• Roger Brown

    Phyllis Kind Gallery

    The title given to this show, “For Consenting Eyes Only . . . ,” appeared in the gallery’s back room on a cabinet door behind which was a painting Roger Brown calls Boy Startled while Jerking-Off in the Woods, or What’s the Use of Beating around the Bush?, 1985. What, indeed? Although Brown may have thought of this provocative painting as the core of his show, as the painting’s placement suggested, my interest lay elsewhere.

    The fact is that I tend to locate Brown himself not in the bushes this painting contains. Rather, the gesture most characteristic of his work for me, its spiritual center,

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  • Saint-Clair Cemin

    Daniel Newburg Gallery

    Saint-Clair Cemin’s sculpture has an unsettling way of not quite meeting one’s expectation, and the odd assortment of work he exhibited seemed to reside firmly in the gray regions of subjectivity. While the past century’s artistic invention managed to expand the boundaries of art to the doorstep of infinity, the lofty perspective of the avant-garde vision is itself riddled with blind spots. Cemin’s sculpture does not try to transcend the history of its medium, but works toward marking the structural holes in the established models of creation and esthetic analysis. What is significant in these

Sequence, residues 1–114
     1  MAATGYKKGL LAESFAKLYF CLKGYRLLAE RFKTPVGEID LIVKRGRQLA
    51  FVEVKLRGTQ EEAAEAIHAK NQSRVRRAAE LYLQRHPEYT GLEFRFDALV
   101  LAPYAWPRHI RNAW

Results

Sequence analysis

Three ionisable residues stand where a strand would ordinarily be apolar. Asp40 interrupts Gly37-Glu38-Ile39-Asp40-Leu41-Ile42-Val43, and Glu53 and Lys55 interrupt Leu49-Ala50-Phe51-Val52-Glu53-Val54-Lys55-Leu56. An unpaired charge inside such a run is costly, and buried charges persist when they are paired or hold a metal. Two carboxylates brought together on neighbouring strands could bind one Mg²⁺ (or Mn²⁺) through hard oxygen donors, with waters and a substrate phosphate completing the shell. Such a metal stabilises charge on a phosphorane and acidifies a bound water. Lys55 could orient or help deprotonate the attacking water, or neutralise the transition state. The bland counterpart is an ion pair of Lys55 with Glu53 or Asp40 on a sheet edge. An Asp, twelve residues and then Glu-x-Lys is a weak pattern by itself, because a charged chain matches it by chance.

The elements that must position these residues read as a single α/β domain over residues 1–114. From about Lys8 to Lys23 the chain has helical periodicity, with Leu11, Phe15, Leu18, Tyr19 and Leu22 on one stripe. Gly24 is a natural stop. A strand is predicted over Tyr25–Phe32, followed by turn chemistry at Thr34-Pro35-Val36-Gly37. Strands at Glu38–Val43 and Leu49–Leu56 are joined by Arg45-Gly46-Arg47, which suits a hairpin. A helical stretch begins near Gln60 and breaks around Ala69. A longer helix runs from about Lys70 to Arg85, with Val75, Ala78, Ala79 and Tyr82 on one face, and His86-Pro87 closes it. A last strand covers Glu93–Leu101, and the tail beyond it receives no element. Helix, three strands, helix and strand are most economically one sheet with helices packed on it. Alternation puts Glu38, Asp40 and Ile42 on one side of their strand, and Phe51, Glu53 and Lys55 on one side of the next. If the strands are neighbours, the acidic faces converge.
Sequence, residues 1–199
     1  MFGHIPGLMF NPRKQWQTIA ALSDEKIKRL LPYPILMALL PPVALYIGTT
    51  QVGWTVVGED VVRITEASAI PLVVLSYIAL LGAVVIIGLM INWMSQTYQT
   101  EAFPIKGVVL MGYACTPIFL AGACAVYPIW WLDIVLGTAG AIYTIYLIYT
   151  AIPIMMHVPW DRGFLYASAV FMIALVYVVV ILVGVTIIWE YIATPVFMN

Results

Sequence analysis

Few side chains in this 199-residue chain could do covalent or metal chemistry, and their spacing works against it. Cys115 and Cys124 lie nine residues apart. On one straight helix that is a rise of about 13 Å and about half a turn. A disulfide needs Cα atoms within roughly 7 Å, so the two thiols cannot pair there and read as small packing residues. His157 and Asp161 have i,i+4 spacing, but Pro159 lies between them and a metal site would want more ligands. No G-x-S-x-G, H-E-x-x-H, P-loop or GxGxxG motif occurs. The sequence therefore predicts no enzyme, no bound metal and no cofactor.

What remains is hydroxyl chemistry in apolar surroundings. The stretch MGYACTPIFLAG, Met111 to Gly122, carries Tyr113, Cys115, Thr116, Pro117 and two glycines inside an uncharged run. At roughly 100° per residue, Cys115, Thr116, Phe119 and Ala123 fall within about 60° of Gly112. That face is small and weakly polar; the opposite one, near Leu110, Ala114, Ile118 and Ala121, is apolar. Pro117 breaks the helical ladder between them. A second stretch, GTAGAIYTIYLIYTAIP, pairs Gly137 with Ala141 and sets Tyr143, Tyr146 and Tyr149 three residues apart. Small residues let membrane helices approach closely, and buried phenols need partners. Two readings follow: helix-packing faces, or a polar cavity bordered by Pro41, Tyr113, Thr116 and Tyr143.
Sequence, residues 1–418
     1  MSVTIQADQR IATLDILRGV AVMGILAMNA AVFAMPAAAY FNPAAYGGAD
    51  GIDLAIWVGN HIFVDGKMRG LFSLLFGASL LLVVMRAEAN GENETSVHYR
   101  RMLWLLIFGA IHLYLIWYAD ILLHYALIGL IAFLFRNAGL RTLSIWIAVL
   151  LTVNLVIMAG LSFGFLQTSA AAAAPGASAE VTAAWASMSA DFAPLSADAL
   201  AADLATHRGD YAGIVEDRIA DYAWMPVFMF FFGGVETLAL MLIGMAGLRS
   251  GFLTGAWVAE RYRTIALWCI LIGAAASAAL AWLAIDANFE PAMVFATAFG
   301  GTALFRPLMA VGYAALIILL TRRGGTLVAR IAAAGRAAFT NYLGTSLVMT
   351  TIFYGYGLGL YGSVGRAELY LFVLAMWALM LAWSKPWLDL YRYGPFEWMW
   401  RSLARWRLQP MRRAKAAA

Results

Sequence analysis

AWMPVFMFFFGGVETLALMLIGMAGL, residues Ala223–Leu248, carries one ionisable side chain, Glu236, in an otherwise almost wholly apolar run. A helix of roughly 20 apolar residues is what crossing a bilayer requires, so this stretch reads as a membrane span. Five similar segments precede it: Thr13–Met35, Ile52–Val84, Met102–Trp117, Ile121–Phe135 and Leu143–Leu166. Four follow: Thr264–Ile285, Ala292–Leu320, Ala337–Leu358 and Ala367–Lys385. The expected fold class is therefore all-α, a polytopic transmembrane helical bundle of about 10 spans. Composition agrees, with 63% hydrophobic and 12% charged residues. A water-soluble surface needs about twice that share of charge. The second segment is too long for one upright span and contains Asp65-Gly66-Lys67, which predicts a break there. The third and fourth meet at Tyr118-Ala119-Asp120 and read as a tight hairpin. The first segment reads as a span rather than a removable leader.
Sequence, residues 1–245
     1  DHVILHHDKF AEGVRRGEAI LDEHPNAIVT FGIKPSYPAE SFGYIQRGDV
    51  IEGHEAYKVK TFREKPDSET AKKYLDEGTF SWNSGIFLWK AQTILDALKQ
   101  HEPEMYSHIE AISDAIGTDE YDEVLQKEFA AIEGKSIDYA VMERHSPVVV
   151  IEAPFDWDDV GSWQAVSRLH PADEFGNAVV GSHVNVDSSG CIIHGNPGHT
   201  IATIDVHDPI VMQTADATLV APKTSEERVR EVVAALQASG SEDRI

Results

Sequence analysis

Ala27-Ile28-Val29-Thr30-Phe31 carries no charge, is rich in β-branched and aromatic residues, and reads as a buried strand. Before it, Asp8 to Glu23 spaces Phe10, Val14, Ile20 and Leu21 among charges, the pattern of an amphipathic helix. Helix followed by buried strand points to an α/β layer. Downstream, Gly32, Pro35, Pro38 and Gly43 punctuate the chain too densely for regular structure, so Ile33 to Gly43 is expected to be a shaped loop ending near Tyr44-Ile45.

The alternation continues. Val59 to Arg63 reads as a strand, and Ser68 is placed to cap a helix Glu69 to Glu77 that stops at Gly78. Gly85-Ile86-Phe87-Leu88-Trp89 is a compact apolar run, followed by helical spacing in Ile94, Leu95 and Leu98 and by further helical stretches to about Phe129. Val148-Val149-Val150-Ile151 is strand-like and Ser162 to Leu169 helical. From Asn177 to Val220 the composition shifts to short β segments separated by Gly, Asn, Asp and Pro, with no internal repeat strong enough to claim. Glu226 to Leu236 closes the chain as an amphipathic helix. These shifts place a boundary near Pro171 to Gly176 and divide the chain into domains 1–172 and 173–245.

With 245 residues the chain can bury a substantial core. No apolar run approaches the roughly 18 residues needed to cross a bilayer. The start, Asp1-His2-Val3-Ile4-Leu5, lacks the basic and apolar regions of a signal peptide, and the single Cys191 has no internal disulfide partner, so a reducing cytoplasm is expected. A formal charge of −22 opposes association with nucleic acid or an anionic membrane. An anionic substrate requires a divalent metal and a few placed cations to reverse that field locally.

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  • Werner Büttner

    Metro Pictures

    Werner Büttner was as malevolent and witty as ever in this show. I tend to prefer his malevolence to his wit, since it seems truer and implies a deeper emotional engagement to the reality he deals with; his “subject” seems to be the stupidity of German daily existence. But the wit is tolerable for the bit of distance it affords and the air of amused innocence it generates.